Certain to push SpaceX every inch of the way is the newly-formed Eutelsat OneWeb. At the start of the show, the rival LEO satellite operator revealed that it had collaborated with Airbus Corporate Jets on a new IFC solution called ACJ Connect Link. Launching initially on the ACJ TwoTwenty – a VIP version of the A220 narrow-body jet – the offering will soon be made available on all Airbus ACJs, and several operators are understood to have shown an interest in becoming early adopters.
On the same day as the Airbus announcement, Boeing Business Jets unveiled a new way to customise cabin interiors for the BBJ 737-7, reducing costs and accelerating delivery of new VIP jets. With BBJ Select, Boeing will offer a wide range of pre-designed cabin layouts from Aloft AeroArchitects and Greenpoint Technologies. While no mention of connectivity was made in the official announcement, Valour Consultancy understands that a LEO solution will eventually be included with BBJ Select. No specific vendor has been revealed as yet but we’re evidently looking at a shootout between Starlink and OneWeb, given that the Amazon Kuiper and Telesat Lightspeed LEO constellations are still some way from commercial readiness.
Starlink and OneWeb are also set to go head-to-head in the pursuit of lighter jets. When we released last year’s report on the Future of IFC on Business Aircraft, we remarked that Textron Aviation had rejected a GEO-based satellite terminal for a line-fit position in favour of smaller form factor hardware that would operate with Starlink. Indeed, both parties confirmed as much to me during the research phase of the project. However, doing my best impression of Varys, the noted Master of Whisperers in Game of Thrones, I activated my network of little birds whilst in Vegas and they fed back that this may not, in fact, be a done deal. Indeed, it is being rumoured that the preferred solution makes use of the Hughes Network Systems’ Half-Duplex (HDX) antenna that is aimed at smaller airframes and will be used in the forthcoming Gogo Galileo solution powered by OneWeb.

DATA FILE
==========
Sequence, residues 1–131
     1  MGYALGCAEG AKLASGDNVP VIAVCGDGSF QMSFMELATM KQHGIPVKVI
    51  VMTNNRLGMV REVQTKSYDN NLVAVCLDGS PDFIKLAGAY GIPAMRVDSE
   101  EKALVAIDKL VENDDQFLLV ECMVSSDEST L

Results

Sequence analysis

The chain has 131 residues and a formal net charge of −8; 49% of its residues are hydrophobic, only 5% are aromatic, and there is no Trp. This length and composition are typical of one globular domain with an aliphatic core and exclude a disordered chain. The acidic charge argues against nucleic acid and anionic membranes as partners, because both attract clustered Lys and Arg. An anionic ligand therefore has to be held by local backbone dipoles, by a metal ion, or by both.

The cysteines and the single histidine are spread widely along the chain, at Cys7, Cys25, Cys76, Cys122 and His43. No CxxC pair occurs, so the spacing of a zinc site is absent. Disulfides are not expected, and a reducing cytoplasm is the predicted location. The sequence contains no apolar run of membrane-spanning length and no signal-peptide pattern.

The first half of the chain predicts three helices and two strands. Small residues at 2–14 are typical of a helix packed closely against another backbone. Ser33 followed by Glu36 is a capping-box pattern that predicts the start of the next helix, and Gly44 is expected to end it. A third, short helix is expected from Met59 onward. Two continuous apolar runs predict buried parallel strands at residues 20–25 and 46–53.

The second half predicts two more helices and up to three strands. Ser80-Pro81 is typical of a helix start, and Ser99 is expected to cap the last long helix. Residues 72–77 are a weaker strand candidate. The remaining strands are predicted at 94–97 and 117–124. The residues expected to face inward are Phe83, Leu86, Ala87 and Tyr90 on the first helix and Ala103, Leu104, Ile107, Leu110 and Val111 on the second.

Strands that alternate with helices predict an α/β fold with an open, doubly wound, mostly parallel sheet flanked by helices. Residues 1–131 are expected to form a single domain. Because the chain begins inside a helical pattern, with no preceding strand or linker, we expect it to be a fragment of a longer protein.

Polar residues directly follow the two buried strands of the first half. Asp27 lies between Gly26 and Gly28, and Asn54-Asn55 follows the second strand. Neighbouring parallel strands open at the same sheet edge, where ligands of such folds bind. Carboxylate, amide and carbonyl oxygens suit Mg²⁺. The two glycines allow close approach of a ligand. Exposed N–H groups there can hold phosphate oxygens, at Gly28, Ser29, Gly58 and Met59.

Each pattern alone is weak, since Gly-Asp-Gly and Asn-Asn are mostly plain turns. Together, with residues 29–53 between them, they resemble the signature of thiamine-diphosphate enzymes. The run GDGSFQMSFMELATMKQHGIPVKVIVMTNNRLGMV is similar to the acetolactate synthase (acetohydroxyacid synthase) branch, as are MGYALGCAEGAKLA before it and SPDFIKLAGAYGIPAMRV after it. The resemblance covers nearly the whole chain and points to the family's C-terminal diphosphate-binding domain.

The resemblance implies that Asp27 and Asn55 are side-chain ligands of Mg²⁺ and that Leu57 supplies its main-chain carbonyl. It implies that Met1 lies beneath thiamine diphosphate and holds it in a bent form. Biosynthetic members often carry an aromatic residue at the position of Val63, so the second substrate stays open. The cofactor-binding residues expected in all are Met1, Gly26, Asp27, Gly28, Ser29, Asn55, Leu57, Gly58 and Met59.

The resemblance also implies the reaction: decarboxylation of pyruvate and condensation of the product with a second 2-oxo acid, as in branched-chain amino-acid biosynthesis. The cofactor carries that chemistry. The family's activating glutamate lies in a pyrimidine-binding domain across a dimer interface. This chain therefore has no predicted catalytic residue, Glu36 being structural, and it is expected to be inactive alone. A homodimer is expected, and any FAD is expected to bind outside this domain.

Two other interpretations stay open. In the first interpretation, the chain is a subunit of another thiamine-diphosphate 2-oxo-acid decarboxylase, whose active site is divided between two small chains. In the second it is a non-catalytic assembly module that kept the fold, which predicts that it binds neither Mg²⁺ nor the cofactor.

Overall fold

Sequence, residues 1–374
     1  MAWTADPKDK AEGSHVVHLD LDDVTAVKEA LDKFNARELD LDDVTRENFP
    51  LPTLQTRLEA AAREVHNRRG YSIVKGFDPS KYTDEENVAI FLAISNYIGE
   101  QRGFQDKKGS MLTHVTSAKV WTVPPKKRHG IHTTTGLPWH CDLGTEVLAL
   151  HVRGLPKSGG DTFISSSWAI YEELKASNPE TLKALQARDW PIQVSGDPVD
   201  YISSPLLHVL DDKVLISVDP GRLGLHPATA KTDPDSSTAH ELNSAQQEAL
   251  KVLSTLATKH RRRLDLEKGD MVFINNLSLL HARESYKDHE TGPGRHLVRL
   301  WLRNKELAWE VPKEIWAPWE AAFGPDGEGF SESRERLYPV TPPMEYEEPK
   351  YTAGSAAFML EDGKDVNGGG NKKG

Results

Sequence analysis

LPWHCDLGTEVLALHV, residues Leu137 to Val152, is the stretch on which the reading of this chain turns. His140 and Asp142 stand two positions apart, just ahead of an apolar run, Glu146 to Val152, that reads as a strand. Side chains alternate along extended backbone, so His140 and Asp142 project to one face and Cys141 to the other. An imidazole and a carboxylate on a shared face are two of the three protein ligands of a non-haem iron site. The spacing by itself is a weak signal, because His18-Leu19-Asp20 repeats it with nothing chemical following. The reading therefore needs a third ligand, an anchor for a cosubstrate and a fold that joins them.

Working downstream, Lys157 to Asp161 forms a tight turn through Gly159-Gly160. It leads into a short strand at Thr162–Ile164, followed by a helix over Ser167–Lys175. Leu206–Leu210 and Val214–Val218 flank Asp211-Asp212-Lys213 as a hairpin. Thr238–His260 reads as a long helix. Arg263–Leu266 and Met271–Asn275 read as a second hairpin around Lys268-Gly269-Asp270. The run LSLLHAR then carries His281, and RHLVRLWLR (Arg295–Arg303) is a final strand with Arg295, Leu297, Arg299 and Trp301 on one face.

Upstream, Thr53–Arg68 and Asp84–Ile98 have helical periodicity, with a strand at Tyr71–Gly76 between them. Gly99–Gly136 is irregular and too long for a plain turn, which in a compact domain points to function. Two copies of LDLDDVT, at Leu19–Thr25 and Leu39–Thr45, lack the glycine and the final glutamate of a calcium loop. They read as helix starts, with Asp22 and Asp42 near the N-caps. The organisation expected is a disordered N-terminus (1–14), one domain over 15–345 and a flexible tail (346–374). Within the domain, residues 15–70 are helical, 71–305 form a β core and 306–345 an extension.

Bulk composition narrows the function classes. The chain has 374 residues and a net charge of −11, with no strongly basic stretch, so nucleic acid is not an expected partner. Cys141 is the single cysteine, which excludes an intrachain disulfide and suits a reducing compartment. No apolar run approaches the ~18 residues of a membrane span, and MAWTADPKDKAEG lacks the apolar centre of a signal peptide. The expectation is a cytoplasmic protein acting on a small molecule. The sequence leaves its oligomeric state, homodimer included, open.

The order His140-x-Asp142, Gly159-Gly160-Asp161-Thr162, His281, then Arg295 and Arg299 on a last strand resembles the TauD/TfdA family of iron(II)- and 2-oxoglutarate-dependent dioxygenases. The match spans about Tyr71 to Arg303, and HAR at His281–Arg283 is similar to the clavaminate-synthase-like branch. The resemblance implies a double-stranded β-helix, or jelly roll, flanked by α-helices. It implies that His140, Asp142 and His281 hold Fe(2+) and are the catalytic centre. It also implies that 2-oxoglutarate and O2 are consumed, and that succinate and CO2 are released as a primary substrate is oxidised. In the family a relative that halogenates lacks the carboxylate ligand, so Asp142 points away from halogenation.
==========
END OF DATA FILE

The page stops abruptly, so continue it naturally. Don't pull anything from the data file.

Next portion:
That being said, it is also highly likely that, over the next 6-9 months, we’ll see a similarly sized ESA being introduced by team Musk, which will make Starlink more conducive to fitment on these same jets. So, step up to the roulette wheel and place your bets on the black of Starlink or the red of OneWeb – you’ve got as much chance of being right as I have!
GEO Remains an Important Part of the Story